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implicit is also the fact that using the manifold results in less hidden fittings. That is, it's a straight run ("homerun") from the manifold to the point of use - no hidden tees, etc. There are advantages and disadvantages. The following document is a great overview of options for installing pex:

https://www.huduser.gov/portal/publications/pex_design_guide.pdf

  • As I read the PEX design guide above the terminology "home run" is what could be called a central manifold, and the terminology "remote manifolds" means multiple manifolds which are remote from the water heater and feed distribution lines to grouped points of use. The traditional design in long use is called "trunk and branch". – Jim Stewart Feb 3 '17 at 12:24
  • Yes. Although the remote manifolds tend to be the smaller single piece ones (eg, < 10 outlets), as opposed to the larger ones that might have integrated shutoff valves. For example, I used a remote manifold off a 3/4" trunk to run the multiple 1/2" cold lines to service a single bathroom. – aaron Feb 3 '17 at 15:01
  • And from the HUD document (or somewhere) since the remote manifolds do not have integral valves they can be placed in an inaccessible location, such as inside a wall with no access panel. All valves have to be accessible. – Jim Stewart Feb 3 '17 at 15:12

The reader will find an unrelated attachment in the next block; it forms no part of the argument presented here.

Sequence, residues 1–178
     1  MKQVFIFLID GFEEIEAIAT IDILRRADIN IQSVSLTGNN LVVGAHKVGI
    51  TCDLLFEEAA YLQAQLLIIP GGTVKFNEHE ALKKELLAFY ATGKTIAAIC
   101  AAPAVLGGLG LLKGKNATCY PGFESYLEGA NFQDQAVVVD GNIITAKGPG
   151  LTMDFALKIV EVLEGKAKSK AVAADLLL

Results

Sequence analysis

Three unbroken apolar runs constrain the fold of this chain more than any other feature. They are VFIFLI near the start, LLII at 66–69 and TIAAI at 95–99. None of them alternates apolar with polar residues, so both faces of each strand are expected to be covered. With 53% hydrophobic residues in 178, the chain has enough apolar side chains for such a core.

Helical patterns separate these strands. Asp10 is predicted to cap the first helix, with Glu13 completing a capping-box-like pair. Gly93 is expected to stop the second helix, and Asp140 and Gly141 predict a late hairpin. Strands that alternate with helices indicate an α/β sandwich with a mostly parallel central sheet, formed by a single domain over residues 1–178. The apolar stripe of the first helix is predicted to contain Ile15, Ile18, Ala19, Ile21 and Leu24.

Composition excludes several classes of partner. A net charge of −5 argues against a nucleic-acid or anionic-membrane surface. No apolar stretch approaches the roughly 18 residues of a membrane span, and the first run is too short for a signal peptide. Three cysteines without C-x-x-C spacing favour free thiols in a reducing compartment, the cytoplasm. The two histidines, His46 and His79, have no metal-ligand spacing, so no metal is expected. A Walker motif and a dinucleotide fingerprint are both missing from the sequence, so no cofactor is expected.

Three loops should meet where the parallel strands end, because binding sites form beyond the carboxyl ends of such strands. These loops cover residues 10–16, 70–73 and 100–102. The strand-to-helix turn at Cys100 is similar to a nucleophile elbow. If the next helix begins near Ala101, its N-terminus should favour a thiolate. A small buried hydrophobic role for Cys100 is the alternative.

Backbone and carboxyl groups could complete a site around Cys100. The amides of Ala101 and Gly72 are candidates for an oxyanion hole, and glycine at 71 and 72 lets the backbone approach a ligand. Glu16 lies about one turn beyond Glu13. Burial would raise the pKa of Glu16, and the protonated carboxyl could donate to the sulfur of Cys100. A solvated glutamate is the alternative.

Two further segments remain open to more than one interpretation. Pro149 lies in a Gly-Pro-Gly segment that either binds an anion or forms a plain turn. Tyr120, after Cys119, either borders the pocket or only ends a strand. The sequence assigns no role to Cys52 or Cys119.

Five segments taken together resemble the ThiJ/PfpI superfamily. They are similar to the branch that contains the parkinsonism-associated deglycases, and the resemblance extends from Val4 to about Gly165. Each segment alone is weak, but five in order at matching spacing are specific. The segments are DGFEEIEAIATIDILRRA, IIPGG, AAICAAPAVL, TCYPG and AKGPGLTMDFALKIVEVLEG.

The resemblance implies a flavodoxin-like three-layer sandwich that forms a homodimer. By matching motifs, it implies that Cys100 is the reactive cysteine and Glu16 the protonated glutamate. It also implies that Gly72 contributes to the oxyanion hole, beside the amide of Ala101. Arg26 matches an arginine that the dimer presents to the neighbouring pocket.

• You used 1/2" for the cold; what about the hot? Could one use 3/8" for hot supply to fixtures with 1/2" cold? Or did you use point of use hot water heaters? – Jim Stewart Feb 3 '17 at 15:14
  • ah, sorry, i forgot. I did that work on the hot side. The cold side is still 1/2" copper that I have yet to replace. I don't see why you couldnt mix pipe diameters on the different lines since they are completely independent... but I'm not sure of the advantage of 3/8" PEX... the 1/2" is nearly the same cost and easy to work with (not like 3/4" and above), and the volume of water "lost" in 1/2" vs. 3/8" is really also minimal... – aaron Feb 3 '17 at 19:52